We have just prior to this an analogy for the lazy servant who rejects the master's gift. Now we have the Son of Man seated on His throne. This passage is less parable than analogy. He says that the Son of Man will sit on His throne and will sort people from all the nations as one sorts sheep and goats. The important thing to realize here is that the parable doesn't start until after the analogy is made. We will be sorted. The parable provides the means, the criteria by which we will be sorted:

[F]or I was hungry and you gave me food, I was thirsty and you gave me drink, I was a stranger and you welcomed me, I was naked and you clothed me, I was sick and you visited me, I was in prison and you came to me.

The sheep are brought into the kingdom for what they do, not for what they profess (Matthew 7:21). In fact, Christ's Judgement only makes sense if one has criteria by which he or she is being judged. And what would those criteria be?

- Feed the hungry
- Give drink to the thirsty
- Welcome strangers
- Clothe the naked
- Visit the sick and imprisoned

Notice what is not mentioned: have faith. Jesus does not say that these goats didn't believe in Him, and at this stage, disbelief in Him would be rather difficult as the goats would be in His midst. While faith is certainly necessary, it isn't the only necessary thing.

Although Romans is frequently cited as support for sola fide, Paul himself reiterates the necessity of good works: "But by your hard and impenitent heart you are storing up wrath for yourself on the day of wrath when God's righteous judgment will be revealed. 6 For he will render to every man according to his works: 7 to those who by patience in well-doing seek for glory and honor and immortality, he will give eternal life; 8 but for those who are factious and do not obey the truth, but obey wickedness, there will be wrath and fury." (Romans 2:4-7).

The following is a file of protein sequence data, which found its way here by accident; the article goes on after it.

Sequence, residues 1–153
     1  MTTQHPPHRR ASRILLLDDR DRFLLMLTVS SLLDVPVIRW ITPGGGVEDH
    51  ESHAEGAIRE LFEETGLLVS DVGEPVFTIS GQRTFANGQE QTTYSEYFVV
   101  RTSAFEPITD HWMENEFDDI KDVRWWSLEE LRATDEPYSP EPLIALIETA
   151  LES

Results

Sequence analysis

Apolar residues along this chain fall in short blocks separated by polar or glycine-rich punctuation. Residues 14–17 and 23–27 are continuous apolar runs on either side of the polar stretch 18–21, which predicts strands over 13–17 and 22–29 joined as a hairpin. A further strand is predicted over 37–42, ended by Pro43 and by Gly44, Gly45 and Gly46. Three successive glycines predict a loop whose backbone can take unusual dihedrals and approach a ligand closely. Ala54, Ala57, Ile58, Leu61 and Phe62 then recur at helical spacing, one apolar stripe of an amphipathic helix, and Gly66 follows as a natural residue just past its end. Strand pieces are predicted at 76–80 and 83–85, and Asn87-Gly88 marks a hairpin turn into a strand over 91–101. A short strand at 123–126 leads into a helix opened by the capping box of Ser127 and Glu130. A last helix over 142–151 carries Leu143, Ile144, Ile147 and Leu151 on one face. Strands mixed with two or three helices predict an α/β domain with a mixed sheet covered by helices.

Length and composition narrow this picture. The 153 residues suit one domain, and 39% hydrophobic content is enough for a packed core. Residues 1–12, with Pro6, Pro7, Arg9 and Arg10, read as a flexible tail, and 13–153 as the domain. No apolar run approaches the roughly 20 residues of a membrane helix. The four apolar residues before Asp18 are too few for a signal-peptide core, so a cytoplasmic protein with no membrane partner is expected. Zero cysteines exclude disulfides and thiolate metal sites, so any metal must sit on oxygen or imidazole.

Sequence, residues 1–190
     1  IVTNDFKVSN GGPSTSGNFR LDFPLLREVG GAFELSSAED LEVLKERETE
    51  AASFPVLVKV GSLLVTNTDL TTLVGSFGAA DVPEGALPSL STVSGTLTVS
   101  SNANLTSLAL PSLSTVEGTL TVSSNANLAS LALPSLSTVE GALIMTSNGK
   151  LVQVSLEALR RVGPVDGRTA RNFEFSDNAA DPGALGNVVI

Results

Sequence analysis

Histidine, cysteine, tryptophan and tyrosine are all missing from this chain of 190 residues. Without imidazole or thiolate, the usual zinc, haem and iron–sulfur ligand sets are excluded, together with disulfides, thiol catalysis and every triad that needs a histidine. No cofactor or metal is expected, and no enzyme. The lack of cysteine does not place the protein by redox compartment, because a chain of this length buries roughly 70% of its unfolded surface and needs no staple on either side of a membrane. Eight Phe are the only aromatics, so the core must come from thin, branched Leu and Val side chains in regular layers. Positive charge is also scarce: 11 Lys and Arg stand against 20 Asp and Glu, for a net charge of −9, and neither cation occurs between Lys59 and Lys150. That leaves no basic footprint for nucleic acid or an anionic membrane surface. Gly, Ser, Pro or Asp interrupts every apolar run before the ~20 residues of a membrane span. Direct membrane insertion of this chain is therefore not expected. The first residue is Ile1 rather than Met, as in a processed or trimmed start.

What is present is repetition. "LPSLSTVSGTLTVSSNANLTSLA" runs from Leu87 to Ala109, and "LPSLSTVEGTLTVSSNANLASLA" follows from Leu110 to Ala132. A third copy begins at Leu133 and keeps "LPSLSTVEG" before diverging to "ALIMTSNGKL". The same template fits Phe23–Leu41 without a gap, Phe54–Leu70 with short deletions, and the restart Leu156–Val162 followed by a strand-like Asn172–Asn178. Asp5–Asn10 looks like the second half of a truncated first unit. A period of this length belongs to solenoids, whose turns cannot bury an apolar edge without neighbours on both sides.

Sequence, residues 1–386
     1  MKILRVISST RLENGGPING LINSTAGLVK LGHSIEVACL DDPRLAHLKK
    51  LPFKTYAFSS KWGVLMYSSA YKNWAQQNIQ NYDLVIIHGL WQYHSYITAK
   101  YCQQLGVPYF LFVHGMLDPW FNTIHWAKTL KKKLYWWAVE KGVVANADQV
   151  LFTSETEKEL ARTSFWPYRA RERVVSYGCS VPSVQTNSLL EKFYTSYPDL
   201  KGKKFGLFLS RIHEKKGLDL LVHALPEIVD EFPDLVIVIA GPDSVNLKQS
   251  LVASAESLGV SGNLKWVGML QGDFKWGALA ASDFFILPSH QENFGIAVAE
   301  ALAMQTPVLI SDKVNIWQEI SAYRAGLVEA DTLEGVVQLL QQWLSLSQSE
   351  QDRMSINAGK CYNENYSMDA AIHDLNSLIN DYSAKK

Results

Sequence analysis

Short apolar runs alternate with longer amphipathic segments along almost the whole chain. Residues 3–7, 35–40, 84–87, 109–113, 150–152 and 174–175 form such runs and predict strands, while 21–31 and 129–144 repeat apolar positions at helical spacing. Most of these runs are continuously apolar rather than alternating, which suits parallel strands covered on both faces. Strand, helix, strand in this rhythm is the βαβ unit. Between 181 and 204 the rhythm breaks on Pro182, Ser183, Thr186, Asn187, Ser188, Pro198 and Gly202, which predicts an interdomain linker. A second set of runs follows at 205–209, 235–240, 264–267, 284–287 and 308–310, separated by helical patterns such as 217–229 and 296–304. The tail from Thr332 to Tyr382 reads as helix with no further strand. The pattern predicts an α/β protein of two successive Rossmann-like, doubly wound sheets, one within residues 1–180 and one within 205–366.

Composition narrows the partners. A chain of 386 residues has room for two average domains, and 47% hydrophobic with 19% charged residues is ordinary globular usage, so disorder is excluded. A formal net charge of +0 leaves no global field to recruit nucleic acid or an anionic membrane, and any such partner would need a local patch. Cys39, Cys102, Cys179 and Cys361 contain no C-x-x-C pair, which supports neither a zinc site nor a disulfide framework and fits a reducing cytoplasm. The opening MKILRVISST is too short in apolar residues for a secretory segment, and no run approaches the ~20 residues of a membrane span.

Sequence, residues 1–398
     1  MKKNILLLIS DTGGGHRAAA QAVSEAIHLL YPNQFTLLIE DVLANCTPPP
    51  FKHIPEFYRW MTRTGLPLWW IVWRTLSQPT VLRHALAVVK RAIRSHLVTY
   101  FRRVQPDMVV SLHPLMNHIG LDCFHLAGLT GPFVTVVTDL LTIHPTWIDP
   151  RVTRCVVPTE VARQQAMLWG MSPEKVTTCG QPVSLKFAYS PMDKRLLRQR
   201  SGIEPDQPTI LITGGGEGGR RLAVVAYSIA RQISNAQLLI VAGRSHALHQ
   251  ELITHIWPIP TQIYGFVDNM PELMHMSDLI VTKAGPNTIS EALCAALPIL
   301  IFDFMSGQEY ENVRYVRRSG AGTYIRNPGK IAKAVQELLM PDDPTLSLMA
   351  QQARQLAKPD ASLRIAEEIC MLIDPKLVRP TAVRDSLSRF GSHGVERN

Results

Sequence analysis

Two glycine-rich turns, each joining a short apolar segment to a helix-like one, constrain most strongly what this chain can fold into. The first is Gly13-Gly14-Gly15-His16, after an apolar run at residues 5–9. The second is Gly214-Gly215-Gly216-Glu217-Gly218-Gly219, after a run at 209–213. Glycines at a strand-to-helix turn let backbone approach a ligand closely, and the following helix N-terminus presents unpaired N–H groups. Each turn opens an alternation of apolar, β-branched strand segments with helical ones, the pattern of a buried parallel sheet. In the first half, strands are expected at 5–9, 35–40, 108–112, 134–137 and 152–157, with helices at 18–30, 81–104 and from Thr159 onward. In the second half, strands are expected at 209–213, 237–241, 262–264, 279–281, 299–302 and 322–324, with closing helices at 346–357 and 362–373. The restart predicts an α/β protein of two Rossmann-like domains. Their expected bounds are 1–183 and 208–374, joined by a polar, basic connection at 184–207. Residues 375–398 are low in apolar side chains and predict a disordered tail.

The Book of James is particularly known for its claims of the necessity of works. Where Protestants err is when they consider works of the Law (which Paul condemns) and works to which we are impelled by grace as equal.

Where we agree is that we are saved by grace alone. Only God's gratuitous gift of grace can save us, but that grace should move us to two things: faith and works.